Funding and costs: Commissioning home care for older people
The home care market in England is valued at £5.5 billion, covering six million hours a week. Public spending accounts for £2.2 billion of this figure and the rest is privately funded – although some of the privately funded care is publicly provided. 
Demand for long-term care is growing and is set to reach a peak in 2040. Funding issues include:
- funds falling short
- the multiple funding streams involved, which create complexity and confusion with regard to paying for services. 
The following could go some way to alleviating these problems:
- a genuine commitment to working together in partnership
- an ability to pool or work across different budgets and funding streams 
- service line management of all health-related groups under the leadership of an appointed care manager.
It is suggested that local authorities or health and social care trusts start looking now at how to set up funding mechanisms that straddle the current boundaries of the different organisations involved in care. 
The literature reviewed for this guide puts forward a range of ideas on the affordability of home care for older people. But none was able to provide comprehensive cost-effectiveness analysis of home care provision for those with complex needs.
There are tentative claims that flexible, personalised care may not cost much more than conventional home care roles.  Pay, conditions and training of staff are seen to play an important part here. Staff working for independent service providers are paid less than those working for local authorities, have fewer benefits and get less training. This is often due to the reduction of costs implicit in commissioners driving down the price they are prepared to pay service providers for care.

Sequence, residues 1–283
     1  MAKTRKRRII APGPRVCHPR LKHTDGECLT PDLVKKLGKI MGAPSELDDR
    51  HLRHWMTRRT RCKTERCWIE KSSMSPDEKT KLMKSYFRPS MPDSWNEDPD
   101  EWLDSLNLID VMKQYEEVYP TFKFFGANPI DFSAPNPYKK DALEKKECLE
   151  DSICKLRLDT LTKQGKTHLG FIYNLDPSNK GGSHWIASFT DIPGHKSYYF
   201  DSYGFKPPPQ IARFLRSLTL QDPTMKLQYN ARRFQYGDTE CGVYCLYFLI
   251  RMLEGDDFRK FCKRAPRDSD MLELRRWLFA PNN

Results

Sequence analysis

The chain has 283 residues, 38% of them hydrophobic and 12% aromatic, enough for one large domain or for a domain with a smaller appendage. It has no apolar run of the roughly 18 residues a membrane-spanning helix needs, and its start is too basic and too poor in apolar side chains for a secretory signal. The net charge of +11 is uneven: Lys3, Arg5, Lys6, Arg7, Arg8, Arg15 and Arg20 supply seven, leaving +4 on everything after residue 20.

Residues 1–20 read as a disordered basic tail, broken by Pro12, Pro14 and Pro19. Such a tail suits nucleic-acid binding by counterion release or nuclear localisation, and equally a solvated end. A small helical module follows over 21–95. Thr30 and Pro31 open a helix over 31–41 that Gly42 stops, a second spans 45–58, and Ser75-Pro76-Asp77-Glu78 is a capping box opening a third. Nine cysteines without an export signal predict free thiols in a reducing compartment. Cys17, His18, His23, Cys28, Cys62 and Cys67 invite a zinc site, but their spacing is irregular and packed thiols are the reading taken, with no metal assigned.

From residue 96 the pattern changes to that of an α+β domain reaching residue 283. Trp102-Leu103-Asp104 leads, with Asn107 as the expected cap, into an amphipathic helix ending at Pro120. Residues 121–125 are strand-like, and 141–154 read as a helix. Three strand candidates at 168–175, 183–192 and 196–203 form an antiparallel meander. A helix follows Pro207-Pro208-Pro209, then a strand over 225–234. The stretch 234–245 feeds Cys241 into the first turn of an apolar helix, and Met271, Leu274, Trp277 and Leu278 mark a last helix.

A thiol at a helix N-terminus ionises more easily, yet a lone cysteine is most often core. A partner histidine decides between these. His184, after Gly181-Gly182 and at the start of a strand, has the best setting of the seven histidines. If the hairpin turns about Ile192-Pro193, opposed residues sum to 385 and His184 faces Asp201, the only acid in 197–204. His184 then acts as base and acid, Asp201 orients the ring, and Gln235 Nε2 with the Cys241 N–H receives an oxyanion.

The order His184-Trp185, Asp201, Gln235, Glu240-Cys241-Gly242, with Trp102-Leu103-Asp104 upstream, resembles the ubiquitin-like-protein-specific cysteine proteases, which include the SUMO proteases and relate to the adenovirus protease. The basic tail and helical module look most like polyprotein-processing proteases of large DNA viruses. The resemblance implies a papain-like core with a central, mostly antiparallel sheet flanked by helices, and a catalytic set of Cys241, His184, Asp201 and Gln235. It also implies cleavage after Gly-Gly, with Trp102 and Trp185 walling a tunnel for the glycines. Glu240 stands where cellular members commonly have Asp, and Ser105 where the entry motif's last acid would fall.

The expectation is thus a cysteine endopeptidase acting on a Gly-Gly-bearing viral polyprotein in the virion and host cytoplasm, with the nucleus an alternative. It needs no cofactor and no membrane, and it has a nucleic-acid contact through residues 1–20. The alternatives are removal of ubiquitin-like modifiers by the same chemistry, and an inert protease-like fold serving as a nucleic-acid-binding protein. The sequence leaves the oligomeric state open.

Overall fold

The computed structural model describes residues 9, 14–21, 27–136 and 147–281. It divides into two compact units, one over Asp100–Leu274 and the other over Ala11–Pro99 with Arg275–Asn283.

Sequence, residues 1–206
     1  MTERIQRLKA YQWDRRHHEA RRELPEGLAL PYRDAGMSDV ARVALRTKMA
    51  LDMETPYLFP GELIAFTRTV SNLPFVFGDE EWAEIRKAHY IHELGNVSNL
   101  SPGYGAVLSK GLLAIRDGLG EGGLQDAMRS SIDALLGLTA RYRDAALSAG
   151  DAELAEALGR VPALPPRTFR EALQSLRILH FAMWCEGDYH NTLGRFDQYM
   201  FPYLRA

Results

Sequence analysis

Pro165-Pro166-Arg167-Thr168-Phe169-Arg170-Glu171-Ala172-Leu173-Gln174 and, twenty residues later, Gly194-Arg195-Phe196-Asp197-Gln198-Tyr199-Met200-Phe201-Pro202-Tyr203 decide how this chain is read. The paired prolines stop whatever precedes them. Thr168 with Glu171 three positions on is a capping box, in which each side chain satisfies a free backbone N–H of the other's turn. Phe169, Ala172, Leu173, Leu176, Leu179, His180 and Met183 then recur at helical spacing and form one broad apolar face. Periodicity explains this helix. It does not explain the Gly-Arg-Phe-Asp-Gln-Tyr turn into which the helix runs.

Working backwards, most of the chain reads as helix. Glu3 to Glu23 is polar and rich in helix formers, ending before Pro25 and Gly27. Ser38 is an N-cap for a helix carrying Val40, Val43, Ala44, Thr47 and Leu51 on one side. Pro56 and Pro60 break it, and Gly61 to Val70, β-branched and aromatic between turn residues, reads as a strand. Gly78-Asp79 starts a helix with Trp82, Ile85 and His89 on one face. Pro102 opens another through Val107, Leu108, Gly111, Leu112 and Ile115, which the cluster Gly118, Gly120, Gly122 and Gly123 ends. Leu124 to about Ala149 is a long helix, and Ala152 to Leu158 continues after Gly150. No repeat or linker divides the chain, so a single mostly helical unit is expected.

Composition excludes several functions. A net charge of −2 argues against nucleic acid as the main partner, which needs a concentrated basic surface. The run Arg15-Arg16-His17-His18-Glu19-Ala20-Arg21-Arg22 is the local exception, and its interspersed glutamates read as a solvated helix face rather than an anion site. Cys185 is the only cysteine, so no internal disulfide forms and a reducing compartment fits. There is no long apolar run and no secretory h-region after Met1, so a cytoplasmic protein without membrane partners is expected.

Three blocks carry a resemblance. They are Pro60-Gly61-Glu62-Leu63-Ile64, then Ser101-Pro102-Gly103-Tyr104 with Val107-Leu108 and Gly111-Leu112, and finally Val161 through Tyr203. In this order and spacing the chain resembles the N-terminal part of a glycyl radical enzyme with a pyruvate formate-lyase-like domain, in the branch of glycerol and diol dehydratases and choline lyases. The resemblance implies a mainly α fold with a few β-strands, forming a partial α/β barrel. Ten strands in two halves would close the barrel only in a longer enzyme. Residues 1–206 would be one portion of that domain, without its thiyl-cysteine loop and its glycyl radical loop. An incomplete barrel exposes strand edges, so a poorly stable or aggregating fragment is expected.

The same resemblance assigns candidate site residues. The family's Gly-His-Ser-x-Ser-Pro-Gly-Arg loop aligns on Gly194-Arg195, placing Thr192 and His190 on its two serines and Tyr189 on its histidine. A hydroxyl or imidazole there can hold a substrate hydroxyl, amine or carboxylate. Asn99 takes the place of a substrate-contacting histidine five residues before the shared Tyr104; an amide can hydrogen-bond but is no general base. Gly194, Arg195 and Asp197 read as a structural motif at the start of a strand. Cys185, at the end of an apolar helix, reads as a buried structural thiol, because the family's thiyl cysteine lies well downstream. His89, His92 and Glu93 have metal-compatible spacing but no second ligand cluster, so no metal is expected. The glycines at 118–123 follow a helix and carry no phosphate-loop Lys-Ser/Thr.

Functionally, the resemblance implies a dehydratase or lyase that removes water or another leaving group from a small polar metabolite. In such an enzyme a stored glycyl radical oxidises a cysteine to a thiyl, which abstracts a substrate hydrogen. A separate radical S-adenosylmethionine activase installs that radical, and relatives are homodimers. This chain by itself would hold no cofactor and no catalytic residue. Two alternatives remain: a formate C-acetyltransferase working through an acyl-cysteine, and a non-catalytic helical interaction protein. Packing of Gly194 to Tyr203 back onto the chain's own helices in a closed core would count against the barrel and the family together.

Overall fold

To provide the kind of personalised care that older people want and deserve, staff need to be better paid, better trained and receive specialist training in working with older people with complex needs. [4, 14, 20] Well-treated and enthusiastic staff can provide extra help, which costs the public purse nothing. 
Good home care for older people can and should be preventative, to reduce the use of services such as ambulance call-outs, Accident & Emergency departments and unplanned hospital admissions.
This is dependent on sufficient funding being available to fund personalised packages of care and approaches. The fact remains – the needs of people with complex needs require intensive specialist support for long periods of time, which costs more than standard care. 
If home care is to fulfil a preventative role and make it possible for people to stay in their own homes – no matter how complex their needs are – the following are likely to be helpful:
- services that are integrated
- single agencies that have staff from a variety of professional backgrounds
- approaches that are focused on what can be achieved rather than on the number of hours of care received or the type of care received
- an emphasis on real user choice.